Metropolitan area employment, April 2010
June 04, 2010
In April 2010, the largest over-the-year percentage increases in employment were reported in Ocean City, New Jersey (+7.9 percent), Kennewick-Pasco-Richland, Washington (+4.1 percent), Jacksonville, North Carolina (+4.0 percent), Manhattan, Kansas (+3.9 percent), and St. Joseph, Missouri-Kansas (+3.8 percent).
The largest over-the-year percentage losses in employment were reported in Monroe, Michigan (‑5.6 percent), Farmington, New Mexico (‑5.3 percent), Sumter, South Carolina (‑5.2 percent), Mount Vernon-Anacortes, Washington and Steubenville-Weirton, Ohio-West Virginia (‑5.1 percent each), and Grand Junction, Colorado (‑5.0 percent).
Among the 372 metropolitan areas for which nonfarm payroll employment data were available, 300 metropolitan areas reported over-the-year decreases in nonfarm payroll employment, 64 reported increases, and 8 were unchanged.
These data are from the Current Employment Statistics (State and Metro Area) program. The most recent month's employment data are preliminary and subject to revision. To learn more, see "Metropolitan Area Employment and Unemployment — April 2010" (HTML) (PDF), news release USDL 10-0746.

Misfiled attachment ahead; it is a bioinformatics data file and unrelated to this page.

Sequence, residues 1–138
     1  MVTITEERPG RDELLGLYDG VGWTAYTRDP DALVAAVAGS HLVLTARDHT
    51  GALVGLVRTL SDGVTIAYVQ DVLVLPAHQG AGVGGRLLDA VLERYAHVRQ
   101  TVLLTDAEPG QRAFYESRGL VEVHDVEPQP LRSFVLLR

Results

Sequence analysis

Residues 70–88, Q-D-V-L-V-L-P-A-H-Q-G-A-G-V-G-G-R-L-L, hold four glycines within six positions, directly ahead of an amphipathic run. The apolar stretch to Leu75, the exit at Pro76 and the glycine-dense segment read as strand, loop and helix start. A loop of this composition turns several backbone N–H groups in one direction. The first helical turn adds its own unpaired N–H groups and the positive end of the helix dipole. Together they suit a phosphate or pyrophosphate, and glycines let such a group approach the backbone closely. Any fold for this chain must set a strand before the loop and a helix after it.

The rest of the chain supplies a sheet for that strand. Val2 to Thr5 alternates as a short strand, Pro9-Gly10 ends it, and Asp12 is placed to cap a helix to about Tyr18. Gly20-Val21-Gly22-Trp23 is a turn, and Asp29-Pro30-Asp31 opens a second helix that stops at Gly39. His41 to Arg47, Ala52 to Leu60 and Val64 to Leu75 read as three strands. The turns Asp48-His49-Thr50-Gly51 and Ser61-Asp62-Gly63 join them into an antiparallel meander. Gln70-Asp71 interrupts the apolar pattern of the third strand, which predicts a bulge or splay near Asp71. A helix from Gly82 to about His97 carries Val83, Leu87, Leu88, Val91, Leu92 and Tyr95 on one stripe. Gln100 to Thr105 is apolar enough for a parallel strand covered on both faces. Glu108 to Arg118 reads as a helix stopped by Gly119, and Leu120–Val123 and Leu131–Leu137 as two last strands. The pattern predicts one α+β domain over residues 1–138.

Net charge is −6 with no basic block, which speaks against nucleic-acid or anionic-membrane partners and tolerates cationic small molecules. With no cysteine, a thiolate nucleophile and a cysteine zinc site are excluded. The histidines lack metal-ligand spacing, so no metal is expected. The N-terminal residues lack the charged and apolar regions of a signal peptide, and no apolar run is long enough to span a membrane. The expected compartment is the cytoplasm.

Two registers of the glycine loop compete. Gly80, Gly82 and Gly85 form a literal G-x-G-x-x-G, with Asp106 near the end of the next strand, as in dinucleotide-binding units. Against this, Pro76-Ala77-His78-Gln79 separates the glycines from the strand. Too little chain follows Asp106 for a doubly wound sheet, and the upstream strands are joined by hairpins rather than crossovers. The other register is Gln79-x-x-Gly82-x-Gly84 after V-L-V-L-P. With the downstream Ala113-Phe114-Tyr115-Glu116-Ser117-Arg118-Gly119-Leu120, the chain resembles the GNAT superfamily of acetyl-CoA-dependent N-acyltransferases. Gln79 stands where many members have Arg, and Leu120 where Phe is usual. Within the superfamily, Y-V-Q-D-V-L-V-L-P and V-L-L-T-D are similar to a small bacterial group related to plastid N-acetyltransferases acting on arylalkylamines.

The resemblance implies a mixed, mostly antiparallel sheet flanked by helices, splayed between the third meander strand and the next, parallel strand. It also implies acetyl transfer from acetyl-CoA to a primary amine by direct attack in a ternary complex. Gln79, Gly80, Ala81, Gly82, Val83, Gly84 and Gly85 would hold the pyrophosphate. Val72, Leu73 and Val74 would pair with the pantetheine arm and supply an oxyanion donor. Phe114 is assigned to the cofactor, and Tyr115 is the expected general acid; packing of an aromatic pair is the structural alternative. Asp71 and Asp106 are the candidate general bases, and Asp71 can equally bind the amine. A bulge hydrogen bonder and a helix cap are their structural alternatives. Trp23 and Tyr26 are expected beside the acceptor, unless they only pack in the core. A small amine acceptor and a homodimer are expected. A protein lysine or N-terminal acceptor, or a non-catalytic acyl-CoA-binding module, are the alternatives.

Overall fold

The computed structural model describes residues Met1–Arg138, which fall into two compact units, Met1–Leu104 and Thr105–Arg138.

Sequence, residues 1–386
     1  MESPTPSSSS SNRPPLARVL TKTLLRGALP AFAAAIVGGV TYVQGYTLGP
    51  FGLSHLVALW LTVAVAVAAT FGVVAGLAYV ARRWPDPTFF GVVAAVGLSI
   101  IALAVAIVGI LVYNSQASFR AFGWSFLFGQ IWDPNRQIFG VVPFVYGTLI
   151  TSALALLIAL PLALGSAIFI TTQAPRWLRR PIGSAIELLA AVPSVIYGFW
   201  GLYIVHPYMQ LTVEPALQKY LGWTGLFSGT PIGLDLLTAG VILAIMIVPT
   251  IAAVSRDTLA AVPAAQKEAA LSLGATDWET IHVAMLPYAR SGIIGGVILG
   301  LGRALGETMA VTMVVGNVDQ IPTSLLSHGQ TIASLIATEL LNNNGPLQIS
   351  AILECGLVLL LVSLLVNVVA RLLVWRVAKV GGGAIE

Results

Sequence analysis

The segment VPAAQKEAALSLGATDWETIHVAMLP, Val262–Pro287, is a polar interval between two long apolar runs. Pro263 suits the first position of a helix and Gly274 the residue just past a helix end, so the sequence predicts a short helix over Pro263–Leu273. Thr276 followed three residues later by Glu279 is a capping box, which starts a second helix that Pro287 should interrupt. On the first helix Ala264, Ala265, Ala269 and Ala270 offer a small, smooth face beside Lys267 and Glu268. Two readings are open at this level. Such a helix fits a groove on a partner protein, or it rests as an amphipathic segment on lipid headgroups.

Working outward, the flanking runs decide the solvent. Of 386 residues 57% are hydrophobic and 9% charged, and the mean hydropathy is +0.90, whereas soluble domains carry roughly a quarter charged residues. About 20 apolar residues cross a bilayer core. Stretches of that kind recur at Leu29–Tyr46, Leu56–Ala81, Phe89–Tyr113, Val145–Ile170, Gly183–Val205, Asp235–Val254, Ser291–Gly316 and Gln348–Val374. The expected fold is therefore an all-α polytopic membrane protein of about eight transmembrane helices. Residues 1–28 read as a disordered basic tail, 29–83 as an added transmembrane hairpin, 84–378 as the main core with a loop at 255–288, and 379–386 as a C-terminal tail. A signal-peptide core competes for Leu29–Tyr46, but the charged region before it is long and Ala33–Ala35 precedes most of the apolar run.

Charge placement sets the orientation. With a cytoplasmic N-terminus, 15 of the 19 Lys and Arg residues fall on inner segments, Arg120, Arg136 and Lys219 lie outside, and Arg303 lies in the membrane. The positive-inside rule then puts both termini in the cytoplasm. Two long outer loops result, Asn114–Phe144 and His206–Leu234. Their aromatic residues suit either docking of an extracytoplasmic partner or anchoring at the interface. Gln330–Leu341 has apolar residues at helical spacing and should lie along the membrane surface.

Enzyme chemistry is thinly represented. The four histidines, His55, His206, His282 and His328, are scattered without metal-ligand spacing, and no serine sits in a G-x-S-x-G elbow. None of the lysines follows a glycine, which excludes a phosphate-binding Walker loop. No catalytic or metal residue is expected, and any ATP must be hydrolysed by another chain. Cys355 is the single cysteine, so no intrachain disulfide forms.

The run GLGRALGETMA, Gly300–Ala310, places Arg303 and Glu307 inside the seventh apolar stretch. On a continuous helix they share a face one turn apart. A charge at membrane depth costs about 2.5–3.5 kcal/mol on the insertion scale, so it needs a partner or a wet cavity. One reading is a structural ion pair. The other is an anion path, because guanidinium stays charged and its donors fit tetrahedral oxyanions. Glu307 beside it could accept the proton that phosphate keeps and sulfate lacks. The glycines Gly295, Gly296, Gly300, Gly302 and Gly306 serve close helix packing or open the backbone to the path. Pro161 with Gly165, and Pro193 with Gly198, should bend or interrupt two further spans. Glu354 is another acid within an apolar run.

Bureau of Labor Statistics, U.S. Department of Labor, The Economics Daily, Metropolitan area employment, April 2010 on the Internet at https://www.bls.gov/opub/ted/2010/ted_20100604.htm (visited January 24, 2017).
Recent editions of Spotlight on Statistics
Workplace injuries and illnesses and employer costs for workers’ compensation
Workplace injury and illness data and the costs to employers for workers’ compensation in natural resources, construction, and maintenance occupations.
A look at the future of the U.S. labor force to 2060
Projected long-term trends in the growth, size, and composition of the labor force.
Union membership in the United States
Historical trends in union membership among employed wage and salary workers; union membership by a variety of demographic characteristics.
A look at healthcare spending, employment, pay, benefits, and prices
Spending on healthcare, current and projected employment in the industry, employer-provided healthcare benefits, healthcare prices, and pay for workers in healthcare occupations.
Self-employment in the United States
Trends in self-employment by various demographic and socioeconomic characteristics, including both the unincorporated and the incorporated self-employed, as well as data on paid employees who work for the self-employed.